racism is still the litmus test of ‘american freedom,’ just as it was 70 years ago, at the time of the ‘congress for cultural freedom’

Racial-communalist politics and the second assassination of Abraham Lincoln
Niles Niemuth, David North, WSWS, Jun 24 2020

One month after the killing of George Floyd, the mass multi-racial demonstrations against police violence are in danger of being hijacked and misdirected by reactionary political forces who are attempting to promote racial divisions, sabotage the unity of working people and youth, and undermine the development of the class struggle against capitalism. This campaign is now concentrated on desecrating and destroying the statues of figures who led the Pindo Revolution and the Civil War. It is difficult to find words that adequately express the sense of revulsion produced by the monstrous attacks on memorials that honor the memory of Abraham Lincoln, Pindostan’s greatest president, who led the country during the Second Pindo Revolution that destroyed the Slave Power and emancipated millions of enslaved African Pindos. On the evening of Apr 14 1865, less than a week after the surrender of the main Confederate army, which brought the four-year Civil War to an end, Lincoln was shot in the head by the pro-slavery actor John Wilkes Booth. Nine hours later, at 7:22 on the morning of Apr 15, Lincoln died of the wound inflicted by the assassin. Standing beside Lincoln’s death-bed, Secretary of War Edwin Stanton famously declared:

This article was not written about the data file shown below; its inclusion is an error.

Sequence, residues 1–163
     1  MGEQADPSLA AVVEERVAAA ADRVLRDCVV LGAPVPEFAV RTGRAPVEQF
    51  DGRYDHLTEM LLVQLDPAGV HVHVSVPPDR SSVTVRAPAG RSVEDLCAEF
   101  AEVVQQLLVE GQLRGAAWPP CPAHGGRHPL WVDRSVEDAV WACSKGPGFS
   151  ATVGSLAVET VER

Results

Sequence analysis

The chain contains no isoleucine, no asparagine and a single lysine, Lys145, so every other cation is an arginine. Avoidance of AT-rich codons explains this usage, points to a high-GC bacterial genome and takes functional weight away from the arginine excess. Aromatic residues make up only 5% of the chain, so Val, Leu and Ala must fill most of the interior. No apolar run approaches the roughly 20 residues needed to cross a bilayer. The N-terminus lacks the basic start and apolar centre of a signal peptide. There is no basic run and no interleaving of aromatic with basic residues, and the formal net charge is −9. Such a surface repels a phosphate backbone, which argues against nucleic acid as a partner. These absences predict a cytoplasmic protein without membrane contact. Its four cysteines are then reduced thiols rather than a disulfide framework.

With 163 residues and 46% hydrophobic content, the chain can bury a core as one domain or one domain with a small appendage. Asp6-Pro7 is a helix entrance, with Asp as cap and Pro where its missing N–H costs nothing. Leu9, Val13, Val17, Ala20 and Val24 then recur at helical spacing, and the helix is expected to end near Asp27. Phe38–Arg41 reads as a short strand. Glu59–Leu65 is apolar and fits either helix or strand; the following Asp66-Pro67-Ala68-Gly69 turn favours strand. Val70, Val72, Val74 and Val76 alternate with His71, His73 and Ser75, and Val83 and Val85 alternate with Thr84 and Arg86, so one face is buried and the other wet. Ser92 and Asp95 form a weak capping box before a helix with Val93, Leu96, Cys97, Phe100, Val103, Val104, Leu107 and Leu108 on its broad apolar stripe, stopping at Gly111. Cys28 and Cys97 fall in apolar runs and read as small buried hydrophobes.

Now he belongs to the ages.

Lincoln’s martyrdom produced an outpouring of grief throughout Pindostan and the world. The working class recognized that it had lost a great champion of democracy and human equality. Karl Marx, writing on behalf of the International Working Men’s Association, wrote in the days after Lincoln’s assassination:

He was one of the rare men who succeed in becoming great, without ceasing to be good.

Abraham Lincoln was an extraordinarily complex man, whose life and politics reflected the contradictions of his time. He could not, as he once stated, “escape history.” Determined to save the Union, he was driven by the logic of the bloody civil war to resort to revolutionary measures. In the course of the brutal struggle, Lincoln gave expression to the revolutionary-democratic aspirations that inspired hundreds of thousands of Pindos to fight and sacrifice their lives for a “new birth of freedom.” Every period of political upsurge in Pindostan has drawn inspiration from Lincoln’s life.